I got my author's copies of the trade paperback of The Harbors of the Sun on Friday, so it should start showing up soon. The hardcover will probably be a week or so later, and the ebook will drop on July 4.


***


Murderbot got a really nice review on The Verge: https://www.theverge.com/2017/6/25/15837368/all-systems-red-murderbot-chronicles-martha-wells-book-review

Our protagonist got its name after killing a bunch of company employees on another planet a couple of years ago, but while it has a bit of a bloodstained history, this isn’t Hal from 2001: A Space Odyssey. It’s a dour security bot that likes to watch steamy soap operas, and would rather be left alone. After its murderous rampage, it hacked its own governor module, not wanting to fall victim once again to hardware manufactured by a company that cuts corners to save a buck.


Ann Leckie also liked Murderbot:

http://www.annleckie.com/2017/06/23/recent-reading/

I’m not kidding, I can almost guarantee that my readers will enjoy this. I have already pre-ordered volume 2, which is out in January.


***


The Authors Auction for the victims of Grenfell Tower is going until June 27. My item is https://authorsforgrenfelltower.com/2017/06/23/signed-copy-of-the-murderbot-diaries-all-systems-red-by-martha-wells/

and the whole list of items is

https://authorsforgrenfelltower.com/items-for-auction-2/


***


If you need a quick break today, "Night at the Opera" is still free at Podcastle in text and audio:

http://podcastle.org/index.php?s=night+at+the+opera

It's a prequel to The Death of the Necromancer


***


I'm doing a signing with Rachel Caine at Murder By The Book in Houston, TX, on Saturday, July 15, at 4:30, and you can order our books and get them signed and personalized and shipped to you: http://www.murderbooks.com/event/wells-caine
marthawells: (Miko)
This has been a week of extreme highs and lows. The high points were awesome but the low points are...low.

I've got news I can't share yet so this is kind of a boring post. I need to get back to my book rec posts but Fridays are kind of a bad day for them.

We were supposed to have a hurricane but it turned and is now torturing a different part of the country.

Oh, I did a Reddit r/Fantasy AMA yesterday, and got a great question on Worldbuilding:

Question: One of my favorite things about your books is the incredible detail and authenticity to the cultures and societies you create. I've read City Of Bones and your Raksura books and I am always immediately engaged when the characters travel to a new city. The residents, architecture, customs, languages, and overall presentation feel well rooted and historical. It really adds an incredible flavor to your writing and inspires me to improve my own.

Are you willing to describe the process in which you develop a new city? When you sit down to create a new location, how you start the vision and do you have a system in how you begin to add layers of detail until the city/town/society feels authentic?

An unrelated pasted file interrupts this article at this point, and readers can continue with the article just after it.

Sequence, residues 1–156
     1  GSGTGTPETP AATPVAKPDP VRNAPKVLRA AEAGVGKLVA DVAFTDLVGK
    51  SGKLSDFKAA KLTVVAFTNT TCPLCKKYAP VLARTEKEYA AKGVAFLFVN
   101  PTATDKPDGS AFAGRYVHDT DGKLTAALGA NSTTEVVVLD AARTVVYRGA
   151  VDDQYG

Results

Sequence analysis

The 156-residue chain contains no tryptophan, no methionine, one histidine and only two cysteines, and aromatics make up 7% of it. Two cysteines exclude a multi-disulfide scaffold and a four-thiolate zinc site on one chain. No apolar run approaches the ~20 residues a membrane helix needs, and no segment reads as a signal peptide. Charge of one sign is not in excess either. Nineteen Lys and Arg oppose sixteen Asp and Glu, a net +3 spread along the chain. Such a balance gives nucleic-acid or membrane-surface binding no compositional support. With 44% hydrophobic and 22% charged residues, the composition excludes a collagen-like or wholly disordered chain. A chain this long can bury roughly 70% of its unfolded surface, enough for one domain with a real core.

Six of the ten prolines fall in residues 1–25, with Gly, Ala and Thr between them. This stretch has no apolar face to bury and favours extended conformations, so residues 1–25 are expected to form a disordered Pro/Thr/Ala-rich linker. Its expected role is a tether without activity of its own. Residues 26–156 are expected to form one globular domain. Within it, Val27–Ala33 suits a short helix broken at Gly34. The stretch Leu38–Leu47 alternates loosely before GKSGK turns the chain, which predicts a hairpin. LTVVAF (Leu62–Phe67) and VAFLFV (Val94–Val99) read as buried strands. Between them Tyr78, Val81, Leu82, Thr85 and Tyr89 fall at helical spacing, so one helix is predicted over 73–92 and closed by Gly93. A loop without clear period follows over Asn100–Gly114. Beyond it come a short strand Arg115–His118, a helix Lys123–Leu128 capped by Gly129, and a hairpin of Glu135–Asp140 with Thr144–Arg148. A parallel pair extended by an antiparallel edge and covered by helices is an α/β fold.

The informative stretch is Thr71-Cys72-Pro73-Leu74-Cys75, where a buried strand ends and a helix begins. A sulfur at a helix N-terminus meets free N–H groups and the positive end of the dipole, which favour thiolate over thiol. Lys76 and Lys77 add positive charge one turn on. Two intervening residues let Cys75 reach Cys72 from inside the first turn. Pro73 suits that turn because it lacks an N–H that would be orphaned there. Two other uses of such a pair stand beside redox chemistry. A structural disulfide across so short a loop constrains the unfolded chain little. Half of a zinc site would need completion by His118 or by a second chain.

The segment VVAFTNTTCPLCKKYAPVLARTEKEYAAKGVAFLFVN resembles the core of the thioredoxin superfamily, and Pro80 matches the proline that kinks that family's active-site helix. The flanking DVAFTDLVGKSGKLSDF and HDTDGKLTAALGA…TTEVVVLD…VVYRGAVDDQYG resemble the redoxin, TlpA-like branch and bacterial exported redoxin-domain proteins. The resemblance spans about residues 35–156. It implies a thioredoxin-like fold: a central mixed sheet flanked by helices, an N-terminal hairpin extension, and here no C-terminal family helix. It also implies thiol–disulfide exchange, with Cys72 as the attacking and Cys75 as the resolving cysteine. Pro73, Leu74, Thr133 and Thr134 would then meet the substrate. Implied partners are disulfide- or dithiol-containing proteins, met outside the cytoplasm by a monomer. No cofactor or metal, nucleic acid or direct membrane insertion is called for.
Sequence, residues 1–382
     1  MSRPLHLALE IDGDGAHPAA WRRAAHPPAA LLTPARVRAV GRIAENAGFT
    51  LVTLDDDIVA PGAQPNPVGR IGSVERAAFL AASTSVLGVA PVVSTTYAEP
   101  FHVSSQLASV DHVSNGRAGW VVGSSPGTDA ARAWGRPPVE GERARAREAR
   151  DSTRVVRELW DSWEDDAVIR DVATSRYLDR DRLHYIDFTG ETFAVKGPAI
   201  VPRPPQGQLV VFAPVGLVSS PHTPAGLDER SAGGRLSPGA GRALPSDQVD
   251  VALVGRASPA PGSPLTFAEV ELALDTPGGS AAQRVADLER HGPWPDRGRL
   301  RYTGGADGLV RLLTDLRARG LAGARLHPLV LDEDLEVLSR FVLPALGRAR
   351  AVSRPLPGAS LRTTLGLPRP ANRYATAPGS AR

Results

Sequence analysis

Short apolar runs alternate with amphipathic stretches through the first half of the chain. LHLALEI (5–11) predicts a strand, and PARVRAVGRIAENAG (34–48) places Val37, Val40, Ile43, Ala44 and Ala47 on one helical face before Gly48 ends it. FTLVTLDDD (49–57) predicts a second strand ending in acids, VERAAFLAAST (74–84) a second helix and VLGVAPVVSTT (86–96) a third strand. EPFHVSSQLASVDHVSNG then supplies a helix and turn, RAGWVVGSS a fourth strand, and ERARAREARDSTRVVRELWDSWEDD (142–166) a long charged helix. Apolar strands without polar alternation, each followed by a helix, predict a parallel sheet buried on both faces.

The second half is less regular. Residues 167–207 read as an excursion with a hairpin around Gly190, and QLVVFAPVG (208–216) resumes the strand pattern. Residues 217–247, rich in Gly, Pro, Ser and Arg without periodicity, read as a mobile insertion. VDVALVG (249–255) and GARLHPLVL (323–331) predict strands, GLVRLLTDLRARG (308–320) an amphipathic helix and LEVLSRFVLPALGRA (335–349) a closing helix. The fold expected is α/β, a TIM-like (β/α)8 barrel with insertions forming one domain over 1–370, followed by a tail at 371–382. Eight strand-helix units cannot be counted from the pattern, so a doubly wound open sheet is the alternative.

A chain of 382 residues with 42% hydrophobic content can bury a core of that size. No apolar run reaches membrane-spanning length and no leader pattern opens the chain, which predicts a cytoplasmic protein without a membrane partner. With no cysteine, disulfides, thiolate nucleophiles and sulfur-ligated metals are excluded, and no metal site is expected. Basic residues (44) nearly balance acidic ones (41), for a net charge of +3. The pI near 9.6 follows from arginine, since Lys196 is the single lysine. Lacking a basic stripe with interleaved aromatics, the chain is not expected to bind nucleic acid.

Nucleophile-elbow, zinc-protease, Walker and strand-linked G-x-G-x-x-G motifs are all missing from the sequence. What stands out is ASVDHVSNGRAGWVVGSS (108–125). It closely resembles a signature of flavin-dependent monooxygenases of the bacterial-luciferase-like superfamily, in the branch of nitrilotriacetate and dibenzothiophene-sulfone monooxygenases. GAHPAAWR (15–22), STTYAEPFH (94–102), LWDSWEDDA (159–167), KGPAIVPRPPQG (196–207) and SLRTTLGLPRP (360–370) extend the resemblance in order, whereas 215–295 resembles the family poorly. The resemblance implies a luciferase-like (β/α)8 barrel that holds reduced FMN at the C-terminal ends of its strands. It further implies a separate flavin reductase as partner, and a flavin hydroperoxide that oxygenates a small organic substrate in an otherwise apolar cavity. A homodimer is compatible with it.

Me: Thank you so much!

I use different methods for different types of book. For the Ile-Rien books, where the locations are based more on real-world places, I did a lot of research into cities in similar cultures, climates, environments as my imaginary city. For the Raksura books, I tried to think of a neat setting for a city, then tried to make it as weird and extreme as possible. Like the Turning City, Keres-gedon, which started out as just a camp in the mountains.

Basically it's a process of coming up with an element you want in your city, like canals. You look at cities with canals, like Venice, and maybe Angkor Wat. What are the canals used for? Transportation, a reservoir, entertainment, defense, etc. You think about how the environment and climate of your city is going to affect your canals. Can they freeze over? Are they affected by drought? Sewage? Plant growth? Underwater monster issues? Etc. Why or why not are they affected by these things? Once you make all those decisions, you decide how they affect the inhabitants of the city, their culture, their everyday life. It can be simple or complicated, and ideally, it leads to ideas that can further characterization and plot. And the big thing to remember is that the reader doesn't need to know everything you know about your canal system. They'll be able to infer a lot from the bits and pieces they see as your characters move through the story, and the sense that the city is operating by a logical system is more important than knowing the exact details.

I also don't usually figure out too many of the details of my settings in advance, since I'm going to concentrate mainly on the parts my characters are interacting with. Like most of the city may be sketched in, but the characters are going to need this little train system and this temple hospital, so those bits are going to get more attention and development. Also keep in mind that cities change over time, with new buildings, new roads, and what stays in place and what gets built over or torn down all say things about the people who live there.

It also helps not to set too many boundaries. You never want to tell readers that there's nothing over the mountains, because it's going to make the world feel closed in, like a puddle instead of a huge mysterious ocean. And if you keep writing in this setting, you may eventually need those empty places to put things in.

I hope that helps!


***

Also:

I have a signed copy of The Murderbot Diaries: All Systems Red in the Authors for Grenfell Tower Auction: https://authorsforgrenfelltower.com/2017/06/23/signed-copy-of-the-murderbot-diaries-all-systems-red-by-martha-wells/

There are tons of other great items up for auction to benefit the tower fire victims. Please check it out or pass it on.

r/Fantasy AMA

Thursday, June 22nd, 2017 09:00 am
marthawells: (The Serpent Sea)
FYI, I'm doing an Ask Me Anything on reddit Fantasy today (June 22): https://www.reddit.com/r/Fantasy/comments/6it1cf/hi_everybody_this_is_sff_writer_martha_wells_and/
marthawells: (Default)
Trying to get photos to post here still seems really wonky, so here's a link to a tumblr post with a quote from The Murderbot Diaries: Artificial Condition: https://marthawells.tumblr.com/post/162086407182/for-book-quote-wednesday-bookqw-on-twitter

This was for Book Quote Wednesday on Twitter.